It’s typical for analysts and press to get out in front of demand for a given technology, but with cloud we may be outdoing ourselves.
In a recent O’Reilly survey, 30 per cent of respondents said they’re fully cloud native already, with another 17 per cent saying they’ll get there within the next two years (and 20 per cent more say they’ll be cloud native in roughly three years). Sounds amazing, right? Actually, it sounds impossible. Cloud spending still accounts for just six per cent of total IT spending, according to analyst firm IDC.
It used to be that the CIO was the last to know about IT spending. Is he or she now the first to make overly ambitious claims about IT spending?
You keep using that word…
It used to be cool to demur on moving to the cloud. Now everyone’s doing it. Perhaps not as fast as some might like, which is why Amazon Web Services (AWS) keeps churning out services that bridge things like legacy mainframes to the cloud (and why former CEO Andy Jassy’s last re:Invent was spent telling IT leaders they needed to go big on cloud or risk losing to competitors), but talking up one’s cloud progress has become de rigueur.
Just ask the respondents to O’Reilly’s latest cloud adoption survey. O’Reilly polled readers of its Programming and Infrastructure & Ops newsletters, which combined have 436,000 subscribers. Of these, 2,834 people completed the survey.
The respondents aren’t CIOs necessarily, but they do represent a “relatively senior group,” according to the report’s author, Mike Loukides. More than one-third have logged more than 10 years in their current roles, and 49 per cent have more than seven years of experience). Among respondents, the top five job titles were developer (4.9 per cent), software engineer (3.9 per cent), CTO (3.0 per cent), software developer (3.0 per cent), and architect (2.3 per cent).
Again, these are not necessarily people tasked with spending the company’s IT dollars perhaps, but they are definitely involved in those decisions. What are they saying?
First, nearly 90 per cent of the respondents work for companies that use the cloud to some extent. This isn’t surprising. Actually, it’s mostly surprising that the remaining 10 per cent haven’t met their peers who are using public cloud services to help run the business. Give them time.
It’s also not surprising that usage aggregates around the big three cloud providers: AWS with 62 per cent, Microsoft Azure with 48 per cent, and Google Cloud at 33 per cent. If you noticed those numbers don’t add up to 100 per cent, you’re correct.
Turns out multi-cloud is a thing, though it’s not the “build an app that runs across multiple clouds” thing that many suppose that word means. It just means enterprises are doing what they’ve always done: running different services on the cloud provider that best meets their needs for the given application.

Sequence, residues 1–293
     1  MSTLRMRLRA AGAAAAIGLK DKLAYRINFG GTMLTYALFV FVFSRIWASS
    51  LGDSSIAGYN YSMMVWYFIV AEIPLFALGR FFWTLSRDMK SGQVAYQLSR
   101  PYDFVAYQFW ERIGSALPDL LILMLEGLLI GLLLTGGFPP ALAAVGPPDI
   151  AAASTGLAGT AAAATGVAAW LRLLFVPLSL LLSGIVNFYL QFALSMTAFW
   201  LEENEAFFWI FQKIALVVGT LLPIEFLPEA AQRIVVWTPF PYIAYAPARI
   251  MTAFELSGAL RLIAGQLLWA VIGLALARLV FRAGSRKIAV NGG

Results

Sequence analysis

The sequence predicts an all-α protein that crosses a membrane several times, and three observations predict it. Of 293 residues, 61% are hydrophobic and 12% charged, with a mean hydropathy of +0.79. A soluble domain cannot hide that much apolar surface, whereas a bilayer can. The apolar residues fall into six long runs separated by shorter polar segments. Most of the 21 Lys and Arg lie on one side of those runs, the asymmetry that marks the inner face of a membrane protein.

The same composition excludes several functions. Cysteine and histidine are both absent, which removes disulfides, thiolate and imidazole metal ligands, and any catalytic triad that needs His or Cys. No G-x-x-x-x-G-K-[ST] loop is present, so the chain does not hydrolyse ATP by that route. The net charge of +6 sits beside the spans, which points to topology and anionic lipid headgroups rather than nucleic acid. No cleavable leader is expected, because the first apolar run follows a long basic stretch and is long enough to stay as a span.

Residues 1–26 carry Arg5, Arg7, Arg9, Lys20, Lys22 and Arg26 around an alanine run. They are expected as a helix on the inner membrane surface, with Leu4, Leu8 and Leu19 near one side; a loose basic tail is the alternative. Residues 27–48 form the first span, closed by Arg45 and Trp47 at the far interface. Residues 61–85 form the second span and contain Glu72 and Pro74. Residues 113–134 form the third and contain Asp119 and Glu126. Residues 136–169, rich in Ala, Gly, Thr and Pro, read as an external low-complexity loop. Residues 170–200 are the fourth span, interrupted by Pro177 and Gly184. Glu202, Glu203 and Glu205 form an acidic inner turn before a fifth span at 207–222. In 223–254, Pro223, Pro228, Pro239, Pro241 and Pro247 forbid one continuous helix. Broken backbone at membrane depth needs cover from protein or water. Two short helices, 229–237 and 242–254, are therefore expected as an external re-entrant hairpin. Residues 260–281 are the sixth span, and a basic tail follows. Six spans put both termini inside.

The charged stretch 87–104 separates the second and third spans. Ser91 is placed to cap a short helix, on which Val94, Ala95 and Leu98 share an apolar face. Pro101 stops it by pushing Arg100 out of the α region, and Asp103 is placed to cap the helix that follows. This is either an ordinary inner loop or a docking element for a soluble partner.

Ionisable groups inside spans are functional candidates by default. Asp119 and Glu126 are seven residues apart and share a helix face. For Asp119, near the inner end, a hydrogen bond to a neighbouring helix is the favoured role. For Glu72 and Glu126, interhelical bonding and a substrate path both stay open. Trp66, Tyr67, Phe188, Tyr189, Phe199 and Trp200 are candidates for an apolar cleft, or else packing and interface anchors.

They’re also not shuttering their data centres. This makes sense, says Loukides, because “most companies aren’t that far along in their transformations” and “eliminating all (or even most) traditional infrastructure is a very heavy lift.”
…I do not think it means what you think it means
It’s a little confusing when the survey respondents said they’re going gangbusters on a cloud-first strategy (47 per cent).
To support this claim, nearly half (48 per cent) of respondents claimed they plan to migrate 50 per cent or more of their applications to the cloud in the next 12 months. A full 20 per cent plan to migrate 100 per cent of their applications. Bonzai! For those cloud companies out there, the news gets even better (or worse, depending on how you read the data).
Folks, this isn’t really a problem with O’Reilly’s survey. The problem is aligning ambition with reality. It’s perhaps also a weirdness in the definition of “cloud native.” The Cloud Native Computing Foundation defines “cloud native” as enabling enterprises to “build and run scalable applications in modern, dynamic environments such as public, private, and hybrid clouds.”
There’s nothing particularly modern about a private cloud/data centre. Scott Carey has described it thus: “Cloud native encompasses the various tools and techniques used by software developers today to build applications for the public cloud, as opposed to traditional architectures suited to an on-premises data centre” (emphasis mine). If going cloud native simply means “doing what we’ve always done, but sprinkled with containers,” that’s not a very useful data point.
“Cloud first,” however, arguably is. If we’re already at 47 per cent of respondents saying they default to cloud (again, my assumption is that people weren’t thinking “my private data centre” when answering a question about “cloud first”), then we have a real problem with measured spend on cloud computing from IDC, Gartner, and even the most wide-eyed of would-be analyst firms.
Cloud adoption is moving at a torrid pace, but in the enterprise, “torrid” is often not much different from “tortoise.” Public cloud adoption is happening, and fast. But it’s still just six per cent of total IT spending.
These survey respondents might wish they were “cloud first,” and they might like to put “cloud native” on their LinkedIn profiles. After all, who wants to sound like a cloud laggard? But the money doesn’t lie, and the money (according to IDC’s and Gartner’s measured IT spending) says that the cloud is going to take time.
The good news for cloud vendors is that all signs point to ever more adoption. Just don’t hold your breath for it to happen tomorrow or even in the next two to three years.